If you purchase vaccine for a disease and inject it into your animals, you can rest assured that you won't have to worry about that disease.  Right?   Wrong!  To start with, no vaccine is 100% effective at providing immunity to all animals it is administered to.  Further, your techniques for purchasing, storage and use of vaccines can diminish their effectiveness tremendously.  Although you can't expect perfect protection, there are some common sense things you can do to get the greatest possible benefit from your investment in animal health products.

Proper vaccine management starts at the purchase.  Research done at the University of Arkansas and Idaho reviled that 1/3 retailers and suppliers were not maintaining proper temperature in refrigerators.  Ask your supplier if they have a temperature gauge in their units or if you are having product shipped make sure to check temperature as soon as you receive the vaccine.  All the precautions you can take in storing and handling vaccines will not help if it is deactivated before it comes into your hands.

Vaccines should be stored between 35 and 45° F.   High temperatures can quickly deactivate the vaccine, but too cold is even worse.  Freezing changes the structure of the adjuvant and thus inactivates the product.  In bacterins that contain whole cells, such as the clostridial (blackleg) vaccines, freezing ruptures the cells releasing high levels of endotoxin which can cause local reactions or toxic shock.  A common practice for producers is to put the new, efficient refrigerator in the house and the old one that was replaced in the barn for storing vaccines.  Perhaps it would make more sense, in light of your vaccine investment, to put a modern, smaller and efficient apartment-sized refrigerator in a convenient place for vaccine storage only.  Always discard vaccines that have frozen, vaccines that are opened or partially used, and vaccines that are expired.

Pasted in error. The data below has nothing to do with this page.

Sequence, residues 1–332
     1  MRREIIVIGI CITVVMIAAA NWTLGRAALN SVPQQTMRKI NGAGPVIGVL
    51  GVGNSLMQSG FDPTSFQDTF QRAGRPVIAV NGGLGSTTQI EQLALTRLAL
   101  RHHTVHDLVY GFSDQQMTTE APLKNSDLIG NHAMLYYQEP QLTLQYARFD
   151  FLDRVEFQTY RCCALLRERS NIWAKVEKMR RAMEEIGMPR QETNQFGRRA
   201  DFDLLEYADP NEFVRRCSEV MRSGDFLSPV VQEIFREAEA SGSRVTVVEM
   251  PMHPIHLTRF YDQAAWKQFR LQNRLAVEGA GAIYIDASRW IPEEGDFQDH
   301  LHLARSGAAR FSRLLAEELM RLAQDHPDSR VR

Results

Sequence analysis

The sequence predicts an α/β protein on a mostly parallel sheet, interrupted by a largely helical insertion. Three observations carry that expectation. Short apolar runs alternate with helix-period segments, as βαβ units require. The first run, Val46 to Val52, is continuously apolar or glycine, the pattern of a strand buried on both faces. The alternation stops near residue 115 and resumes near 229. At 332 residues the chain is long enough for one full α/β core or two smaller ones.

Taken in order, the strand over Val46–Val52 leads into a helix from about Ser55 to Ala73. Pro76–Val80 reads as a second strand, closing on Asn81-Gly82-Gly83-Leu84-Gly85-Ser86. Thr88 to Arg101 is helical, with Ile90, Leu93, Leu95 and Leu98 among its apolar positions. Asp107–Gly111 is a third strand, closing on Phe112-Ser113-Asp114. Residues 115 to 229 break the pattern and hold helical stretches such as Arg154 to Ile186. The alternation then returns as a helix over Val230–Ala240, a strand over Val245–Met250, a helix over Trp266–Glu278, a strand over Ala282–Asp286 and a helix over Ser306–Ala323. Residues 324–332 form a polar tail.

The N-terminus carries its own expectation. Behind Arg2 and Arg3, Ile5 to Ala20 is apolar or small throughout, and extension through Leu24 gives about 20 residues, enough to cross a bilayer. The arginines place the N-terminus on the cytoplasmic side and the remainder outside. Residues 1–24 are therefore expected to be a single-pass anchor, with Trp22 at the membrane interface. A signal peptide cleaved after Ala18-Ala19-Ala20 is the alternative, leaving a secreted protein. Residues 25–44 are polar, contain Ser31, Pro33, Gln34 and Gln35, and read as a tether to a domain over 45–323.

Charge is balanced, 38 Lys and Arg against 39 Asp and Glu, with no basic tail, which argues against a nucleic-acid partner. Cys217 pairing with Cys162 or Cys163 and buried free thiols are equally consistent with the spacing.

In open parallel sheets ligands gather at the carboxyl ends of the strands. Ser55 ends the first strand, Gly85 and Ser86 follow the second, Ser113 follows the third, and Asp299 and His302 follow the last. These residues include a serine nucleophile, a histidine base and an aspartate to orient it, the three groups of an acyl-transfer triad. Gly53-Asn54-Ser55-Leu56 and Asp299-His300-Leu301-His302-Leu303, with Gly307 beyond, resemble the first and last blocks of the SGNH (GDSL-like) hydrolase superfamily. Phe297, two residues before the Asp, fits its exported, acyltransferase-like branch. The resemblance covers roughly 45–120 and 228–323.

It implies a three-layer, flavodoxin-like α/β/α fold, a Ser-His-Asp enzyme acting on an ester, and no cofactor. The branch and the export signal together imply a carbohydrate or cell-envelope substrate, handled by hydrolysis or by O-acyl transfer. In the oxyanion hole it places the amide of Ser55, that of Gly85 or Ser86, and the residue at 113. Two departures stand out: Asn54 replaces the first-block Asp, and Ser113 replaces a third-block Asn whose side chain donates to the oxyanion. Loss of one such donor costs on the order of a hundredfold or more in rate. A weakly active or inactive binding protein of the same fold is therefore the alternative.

Proper use of biological products is important also.  The first step is to read the label.  Almost all vaccines will offer the statement that they are for use in healthy animals.  Sick or debilitated animals cannot respond well immunologically to vaccines.   The label will also tell you the approved uses, route of administration, and withdrawal time for the product.    Always take vaccines to the chute in insulated coolers that will keep them within the proper temperature range.  If you use an appropriate cooler you can take enough for the morning or the afternoon, but not both at once.  In hot weather, use ice or cold packs and keep the cooler out of direct sunlight.

Most soaps, detergents, and disinfectants can leave residues that may deactivate your biological products when you next use your syringes.  After use, disassemble syringes, clean them thoroughly with hot water, and air dry the parts before putting them back together.  Storing syringes in clean, dry Ziploc bags will help keep them clean without jeopardizing the effectiveness of the vaccines you will use with them.

I am routinely asked if it is acceptable to use vaccines that have recently gone past their expiration date, or how long past the expiration date is it acceptable to use expired vaccines.  I often think of vaccines as similar to insurance.  They won't guarantee that you never have a problem but can definitely minimize the impact of the problem.   The expiration date is put on the product for a reason.  You can choose to have confidence in the vaccine after the expiration date, just as you can choose to have confidence in your insurance after the expiration date of your policy, but be prepared to accept the consequences if you need the protection but find that it is no longer there for you.

If you would like more information on vaccine care or any other topics please feel free to call 405-273-7683 or come by the OSU Extension office at 14001 Acme Rd Shawnee, OK.